Threat is Relative. 5 Easy Actions to Mitigate Threats at Work and Play.
Just recently, I was talking to a tourist who told me how safe my city was. I nodded and agreed. It took me few more minutes to understand which parts of the city he considered “safe”.
There are parts of the city I normally wouldn’t visit unless I had to. And at that, I probably wouldn’t be visiting them in the late hours as he was. From personal experience I know that “feeling safe” is relative. What feels safe for one could feel dangerous or threatening to another. It’s the same with networks.
I can say that Enterprise networks are safe and secured, but in same breath I can say they are a very dangerous sphere. On the network, people and organizations can be exposed to blackmail, identity theft, ransom, abuse or more. Security threats are an unavoidable part of both worlds and it’s not going away. How can we mitigate threats to the extent where we make our personal and network lives better?
Here are 5 things you can do to mitigate threat to your network persona and your real life persona:
- Awareness is key
Be conscious of your environment. This is a very hard task because as humans we have selective attention. Be educated about threats as they are becoming more sophisticated. Educate yourself on how to identify what a threat is, what it looks like, what makes you a good target and most of all how to acknowledge you are under attack.
Many people and even organizations do not even know they are under an attack. This is why on average an attacker can spend up to256 days in the network without being detected even though they can take the network down in a matter of hours. Look around. Know your surroundings. Identify your weak points. Identify your strengths so know how to get away safe in time of trouble.
- Be Doubtful
Trust is a good and important characteristic, however there is a place for doubt. Question everything and leave no open question marks. It was in my early days as a security professional that I was taught about this and I carry this quote with me to remind me: “there is no doubt where there is doubt.” In other words, if there is a question mark lying above the operation it’s probably not a good move.
A real life example is when credit card representative calls me I will always challenge them to prove their identity.
- Don’t Fear
It will weaken you. Being fearless is not about being brave or acting stupid. It’s about being in control. It’s an attitude that reflects confidence. The meaning of the word confident has a wide spectrum — from self awareness to acting vain or in other words imperious. I am referring to the range of meaning and self awareness.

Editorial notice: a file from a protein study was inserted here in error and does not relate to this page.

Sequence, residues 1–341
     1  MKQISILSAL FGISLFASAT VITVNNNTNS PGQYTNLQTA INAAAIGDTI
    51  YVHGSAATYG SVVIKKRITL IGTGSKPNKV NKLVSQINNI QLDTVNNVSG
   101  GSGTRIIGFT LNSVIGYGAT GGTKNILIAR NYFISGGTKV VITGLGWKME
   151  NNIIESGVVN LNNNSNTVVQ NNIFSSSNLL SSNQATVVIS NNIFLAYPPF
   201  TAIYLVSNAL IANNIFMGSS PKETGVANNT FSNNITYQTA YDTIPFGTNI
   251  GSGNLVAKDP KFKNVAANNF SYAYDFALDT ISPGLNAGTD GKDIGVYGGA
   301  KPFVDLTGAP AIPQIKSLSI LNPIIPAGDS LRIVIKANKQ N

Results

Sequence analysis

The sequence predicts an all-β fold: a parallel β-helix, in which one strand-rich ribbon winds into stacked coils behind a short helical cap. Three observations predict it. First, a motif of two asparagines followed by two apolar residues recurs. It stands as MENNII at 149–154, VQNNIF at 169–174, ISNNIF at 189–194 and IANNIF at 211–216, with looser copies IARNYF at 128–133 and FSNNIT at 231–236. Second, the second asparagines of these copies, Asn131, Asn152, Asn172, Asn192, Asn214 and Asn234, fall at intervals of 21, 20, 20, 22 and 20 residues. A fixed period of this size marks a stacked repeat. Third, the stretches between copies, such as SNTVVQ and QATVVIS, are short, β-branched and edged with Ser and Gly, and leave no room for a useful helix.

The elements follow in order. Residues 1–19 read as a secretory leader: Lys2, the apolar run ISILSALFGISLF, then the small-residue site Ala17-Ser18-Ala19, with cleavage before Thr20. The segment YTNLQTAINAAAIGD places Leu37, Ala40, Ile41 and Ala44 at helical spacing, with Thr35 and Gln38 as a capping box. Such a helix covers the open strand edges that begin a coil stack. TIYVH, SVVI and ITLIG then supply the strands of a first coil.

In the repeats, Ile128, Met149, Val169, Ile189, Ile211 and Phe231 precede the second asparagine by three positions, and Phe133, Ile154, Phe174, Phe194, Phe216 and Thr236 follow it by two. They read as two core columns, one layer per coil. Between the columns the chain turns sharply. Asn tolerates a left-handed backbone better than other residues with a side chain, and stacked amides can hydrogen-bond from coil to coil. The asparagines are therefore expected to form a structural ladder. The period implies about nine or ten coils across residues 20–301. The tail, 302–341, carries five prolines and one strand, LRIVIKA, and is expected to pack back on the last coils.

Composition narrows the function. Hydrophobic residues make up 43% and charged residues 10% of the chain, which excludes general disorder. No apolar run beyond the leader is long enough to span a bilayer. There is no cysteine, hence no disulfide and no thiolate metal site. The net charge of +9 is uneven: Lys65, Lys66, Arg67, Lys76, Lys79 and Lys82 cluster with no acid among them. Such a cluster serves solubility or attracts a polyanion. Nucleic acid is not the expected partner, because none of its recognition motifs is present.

I believe it’s an essential characteristic one should use to keep in control. Assured people will project “secure” and are less likely to get attacked than others. It’s about identifying unusual behavior before or when it happens. And for the very confident you can use your behavior for deceptive reasons by acting weak or fearful in order to attract and catch attackers like bait.
- Reduce Risk
Expose only what you need to. Don’t seek attention. Be organized. Carry what you really need and regularly assess yourself and know where your stuff is. When I feel there is a potential threat at hand, this helps me to keep my attention focused on areas that matters (in other words, my phone and wallet).
Verify that you have your data backed up (I sync to cloud), use multi-factor authentication mechanisms in addition to passwords (I do) and keep evidence such as taking pictures and videos.
- Be Effective
For me effectiveness is about being pragmatic. It’s about knowing what I can do as opposed to what I can not do. I am taking the hat of the red team in that case.
I am constantly practicing and testing the effectiveness with actual scenarios. This includes challenging my son to break into my phone (whoever is thinking of penetration testing–raise hands now!) or take over my social account. I am ready to fail and improve with impervious as a goal in mind.
Keep safe and secure!
Posted by Roman Blachman on June 10, 2016 10:30 AM